While we did install the rpm package, the Oracle 19.12 client package did auto-configure LD path at the global level – it means every user on the system can use the Oracle instant client. We can see the LD path have been configured under:

cat /etc/ld.so.conf.d/oracle-instantclient.conf

This will print:

/usr/lib/oracle/19.12/client64/lib

To ensure that the required Oracle libraries are recognized by the OS, we can run:

ldconfig -p | grep oracle

It should print:

liboramysql19.so (libc6,x86-64) => /usr/lib/oracle/19.12/client64/lib/liboramysql19.so
libocijdbc19.so (libc6,x86-64) => /usr/lib/oracle/19.12/client64/lib/libocijdbc19.so
libociei.so (libc6,x86-64) => /usr/lib/oracle/19.12/client64/lib/libociei.so
libocci.so.19.1 (libc6,x86-64) => /usr/lib/oracle/19.12/client64/lib/libocci.so.19.1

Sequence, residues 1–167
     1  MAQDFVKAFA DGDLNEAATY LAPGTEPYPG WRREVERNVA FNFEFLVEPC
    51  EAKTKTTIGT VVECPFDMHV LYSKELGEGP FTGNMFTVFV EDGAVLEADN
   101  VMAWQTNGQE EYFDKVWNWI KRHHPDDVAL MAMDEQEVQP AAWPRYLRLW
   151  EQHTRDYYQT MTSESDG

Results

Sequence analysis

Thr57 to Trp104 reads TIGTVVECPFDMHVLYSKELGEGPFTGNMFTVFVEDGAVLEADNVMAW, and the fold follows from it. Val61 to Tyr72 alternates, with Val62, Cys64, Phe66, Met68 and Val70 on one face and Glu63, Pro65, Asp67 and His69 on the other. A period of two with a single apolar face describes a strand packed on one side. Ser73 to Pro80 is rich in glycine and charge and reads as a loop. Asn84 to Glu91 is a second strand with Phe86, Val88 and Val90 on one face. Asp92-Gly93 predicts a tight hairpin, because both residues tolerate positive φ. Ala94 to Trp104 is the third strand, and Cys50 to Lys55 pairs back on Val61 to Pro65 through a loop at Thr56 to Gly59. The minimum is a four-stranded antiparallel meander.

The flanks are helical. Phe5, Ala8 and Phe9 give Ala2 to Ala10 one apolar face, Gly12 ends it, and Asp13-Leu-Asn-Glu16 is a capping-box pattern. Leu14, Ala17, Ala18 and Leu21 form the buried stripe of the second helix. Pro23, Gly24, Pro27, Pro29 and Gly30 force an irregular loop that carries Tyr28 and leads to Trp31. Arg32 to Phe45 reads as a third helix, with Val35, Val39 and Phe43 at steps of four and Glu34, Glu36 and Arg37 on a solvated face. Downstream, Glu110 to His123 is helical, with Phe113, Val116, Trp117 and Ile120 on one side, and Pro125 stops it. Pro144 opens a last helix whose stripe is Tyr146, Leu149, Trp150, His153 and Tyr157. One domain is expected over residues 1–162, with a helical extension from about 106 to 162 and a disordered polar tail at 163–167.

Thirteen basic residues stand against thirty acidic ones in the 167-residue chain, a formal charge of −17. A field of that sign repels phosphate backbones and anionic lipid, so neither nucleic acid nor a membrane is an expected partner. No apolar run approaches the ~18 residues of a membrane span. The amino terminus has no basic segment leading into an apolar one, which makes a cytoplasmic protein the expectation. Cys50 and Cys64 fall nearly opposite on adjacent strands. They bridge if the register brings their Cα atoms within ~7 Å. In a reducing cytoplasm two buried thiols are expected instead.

libnnz19.so (libc6,x86-64) => /usr/lib/oracle/19.12/client64/lib/libnnz19.so
libmql1.so (libc6,x86-64) => /usr/lib/oracle/19.12/client64/lib/libmql1.so
libipc1.so (libc6,x86-64) => /usr/lib/oracle/19.12/client64/lib/libipc1.so
libclntshcore.so.19.1 (libc6,x86-64) => /usr/lib/oracle/19.12/client64/lib/libclntshcore.so.19.1
libclntshcore.so (libc6,x86-64) => /usr/lib/oracle/19.12/client64/lib/libclntshcore.so
libclntsh.so.19.1 (libc6,x86-64) => /usr/lib/oracle/19.12/client64/lib/libclntsh.so.19.1
libclntsh.so (libc6,x86-64) => /usr/lib/oracle/19.12/client64/lib/libclntsh.so